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I still remember hearing about Intel's tick-tock cadence and not having much faith that the company could pull it off. Granted Intel hasn't given us a new chip every 12 months on the dot, but more or less there's something new every year. Every year we either get a new architecture on an established process node (tock), or a derivative architecture on a new process node (tick). The table below summarizes what we've seen since Intel adopted the strategy:

Intel's Tick-Tock Cadence
Microarchitecture Process Node Tick or Tock Release Year
Conroe/Merom 65nm Tock 2006
Penryn 45nm Tick 2007
Nehalem 45nm Tock 2008
Westmere 32nm Tick 2010
Sandy Bridge 32nm Tock 2011
Ivy Bridge 22nm Tick 2012
Haswell 22nm Tock 2013

Last year was a big one. Sandy Bridge brought a Conroe-like increase in performance across the board thanks to a massive re-plumbing of Intel's out-of-order execution engine and other significant changes to the microarchitecture. If you remember Conroe (the first Core 2 architecture), what followed it was a relatively mild upgrade called Penryn that gave you a little bit in the way of performance and dropped power consumption at the same time.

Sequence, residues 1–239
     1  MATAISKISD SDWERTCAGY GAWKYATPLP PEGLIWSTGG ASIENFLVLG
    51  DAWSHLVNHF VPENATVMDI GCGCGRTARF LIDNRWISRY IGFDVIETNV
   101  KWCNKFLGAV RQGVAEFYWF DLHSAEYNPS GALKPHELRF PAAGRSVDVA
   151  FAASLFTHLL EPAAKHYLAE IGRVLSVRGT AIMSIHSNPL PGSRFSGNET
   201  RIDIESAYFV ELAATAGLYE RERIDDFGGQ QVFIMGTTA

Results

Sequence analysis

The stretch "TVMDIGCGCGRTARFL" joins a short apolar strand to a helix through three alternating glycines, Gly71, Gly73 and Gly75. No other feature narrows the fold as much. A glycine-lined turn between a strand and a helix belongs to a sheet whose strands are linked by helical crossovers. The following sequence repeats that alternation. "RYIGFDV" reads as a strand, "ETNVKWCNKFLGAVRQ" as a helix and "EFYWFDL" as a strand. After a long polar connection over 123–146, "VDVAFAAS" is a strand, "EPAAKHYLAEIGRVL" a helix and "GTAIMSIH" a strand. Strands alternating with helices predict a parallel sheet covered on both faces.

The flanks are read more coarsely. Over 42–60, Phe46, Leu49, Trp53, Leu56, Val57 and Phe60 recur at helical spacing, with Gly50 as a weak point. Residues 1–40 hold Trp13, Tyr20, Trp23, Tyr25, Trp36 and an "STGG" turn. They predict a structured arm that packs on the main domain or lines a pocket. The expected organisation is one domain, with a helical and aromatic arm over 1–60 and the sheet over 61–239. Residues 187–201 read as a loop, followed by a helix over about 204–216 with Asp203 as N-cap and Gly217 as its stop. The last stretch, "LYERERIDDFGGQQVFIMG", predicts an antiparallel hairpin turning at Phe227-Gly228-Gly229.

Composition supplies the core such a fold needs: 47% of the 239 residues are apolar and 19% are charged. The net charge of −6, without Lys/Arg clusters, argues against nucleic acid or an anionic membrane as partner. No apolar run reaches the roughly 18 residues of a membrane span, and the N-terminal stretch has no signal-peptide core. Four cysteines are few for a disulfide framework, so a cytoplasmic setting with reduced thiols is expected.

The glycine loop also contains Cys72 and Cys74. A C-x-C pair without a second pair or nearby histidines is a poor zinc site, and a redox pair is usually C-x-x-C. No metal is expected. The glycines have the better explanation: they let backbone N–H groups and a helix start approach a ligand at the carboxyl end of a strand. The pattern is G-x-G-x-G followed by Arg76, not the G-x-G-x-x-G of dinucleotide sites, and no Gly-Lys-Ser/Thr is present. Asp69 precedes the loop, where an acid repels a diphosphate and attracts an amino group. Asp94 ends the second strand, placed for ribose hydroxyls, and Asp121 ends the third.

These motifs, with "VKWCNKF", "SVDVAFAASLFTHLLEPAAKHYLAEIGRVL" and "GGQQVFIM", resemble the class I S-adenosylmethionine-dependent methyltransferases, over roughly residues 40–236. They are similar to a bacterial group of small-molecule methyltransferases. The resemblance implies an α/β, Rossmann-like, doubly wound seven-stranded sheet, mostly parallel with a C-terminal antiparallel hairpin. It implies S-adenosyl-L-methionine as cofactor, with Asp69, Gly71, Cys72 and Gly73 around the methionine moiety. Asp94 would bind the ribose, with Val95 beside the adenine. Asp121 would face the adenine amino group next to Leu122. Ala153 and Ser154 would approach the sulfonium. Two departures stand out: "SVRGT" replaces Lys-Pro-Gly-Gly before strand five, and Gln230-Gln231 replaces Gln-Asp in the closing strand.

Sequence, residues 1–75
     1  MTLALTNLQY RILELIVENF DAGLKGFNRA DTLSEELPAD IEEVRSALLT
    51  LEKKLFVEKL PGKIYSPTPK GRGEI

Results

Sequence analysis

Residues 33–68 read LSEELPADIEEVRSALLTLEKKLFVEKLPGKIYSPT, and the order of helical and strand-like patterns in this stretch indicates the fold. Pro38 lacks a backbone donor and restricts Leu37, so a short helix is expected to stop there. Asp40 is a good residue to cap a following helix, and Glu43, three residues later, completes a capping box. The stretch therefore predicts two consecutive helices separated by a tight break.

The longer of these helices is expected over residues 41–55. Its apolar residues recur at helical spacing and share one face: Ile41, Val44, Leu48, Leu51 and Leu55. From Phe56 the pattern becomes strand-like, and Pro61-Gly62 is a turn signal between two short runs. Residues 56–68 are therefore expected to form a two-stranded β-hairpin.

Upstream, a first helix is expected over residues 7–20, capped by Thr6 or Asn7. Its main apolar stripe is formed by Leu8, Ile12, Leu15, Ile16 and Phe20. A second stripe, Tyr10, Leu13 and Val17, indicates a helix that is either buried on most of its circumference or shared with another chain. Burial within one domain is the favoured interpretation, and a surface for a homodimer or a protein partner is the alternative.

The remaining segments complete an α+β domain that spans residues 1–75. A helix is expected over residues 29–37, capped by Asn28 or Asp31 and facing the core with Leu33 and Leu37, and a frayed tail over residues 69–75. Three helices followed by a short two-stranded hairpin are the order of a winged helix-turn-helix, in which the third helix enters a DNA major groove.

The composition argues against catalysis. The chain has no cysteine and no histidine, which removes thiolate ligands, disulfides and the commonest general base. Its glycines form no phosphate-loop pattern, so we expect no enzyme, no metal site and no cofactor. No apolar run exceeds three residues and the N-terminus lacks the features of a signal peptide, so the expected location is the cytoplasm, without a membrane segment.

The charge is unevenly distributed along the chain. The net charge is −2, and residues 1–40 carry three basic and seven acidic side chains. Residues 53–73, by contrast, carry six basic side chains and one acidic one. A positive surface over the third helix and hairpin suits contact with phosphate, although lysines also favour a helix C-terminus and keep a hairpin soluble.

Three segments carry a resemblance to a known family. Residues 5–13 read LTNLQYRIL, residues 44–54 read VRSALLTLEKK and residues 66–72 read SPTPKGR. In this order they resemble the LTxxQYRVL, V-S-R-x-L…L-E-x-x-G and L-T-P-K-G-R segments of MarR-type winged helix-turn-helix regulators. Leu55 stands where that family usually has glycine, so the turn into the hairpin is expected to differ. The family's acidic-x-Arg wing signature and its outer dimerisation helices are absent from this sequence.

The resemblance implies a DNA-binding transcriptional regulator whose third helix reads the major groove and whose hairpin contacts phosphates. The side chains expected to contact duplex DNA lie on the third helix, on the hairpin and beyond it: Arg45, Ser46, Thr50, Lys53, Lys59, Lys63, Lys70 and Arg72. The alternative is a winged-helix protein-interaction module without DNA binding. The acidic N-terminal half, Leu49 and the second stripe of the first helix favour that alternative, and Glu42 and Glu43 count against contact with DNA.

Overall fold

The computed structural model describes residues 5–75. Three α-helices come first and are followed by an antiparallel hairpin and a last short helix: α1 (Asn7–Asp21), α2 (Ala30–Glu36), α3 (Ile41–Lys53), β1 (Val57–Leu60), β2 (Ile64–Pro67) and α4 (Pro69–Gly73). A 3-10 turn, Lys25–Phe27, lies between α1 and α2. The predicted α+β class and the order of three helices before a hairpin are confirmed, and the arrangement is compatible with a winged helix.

Ivy Bridge, the tick that follows Sandy Bridge, would typically be just that: a mild upgrade that inched performance ahead while dropping power consumption. Intel's microprocessor ticks are usually very conservative on the architecture side, which limits the performance improvement. Being less risky on the architecture allows Intel to focus more on working out the kinks in its next process node, in turn delivering some amount of tangible power reduction.

Where Ivy Bridge shakes things up is on the graphics side. For years Intel has been able to ship substandard graphics in its chipsets based on the principle that only gamers needed real GPUs and Windows ran just fine on integrated graphics. Over the past decade that philosophy required adjustment. First it was HD video decode acceleration, then GPU accelerated user interfaces and, more recently, GPU computing applications. Intel eventually committed to taking GPU performance (and driver quality) seriously, setting out on a path to significantly improve its GPUs.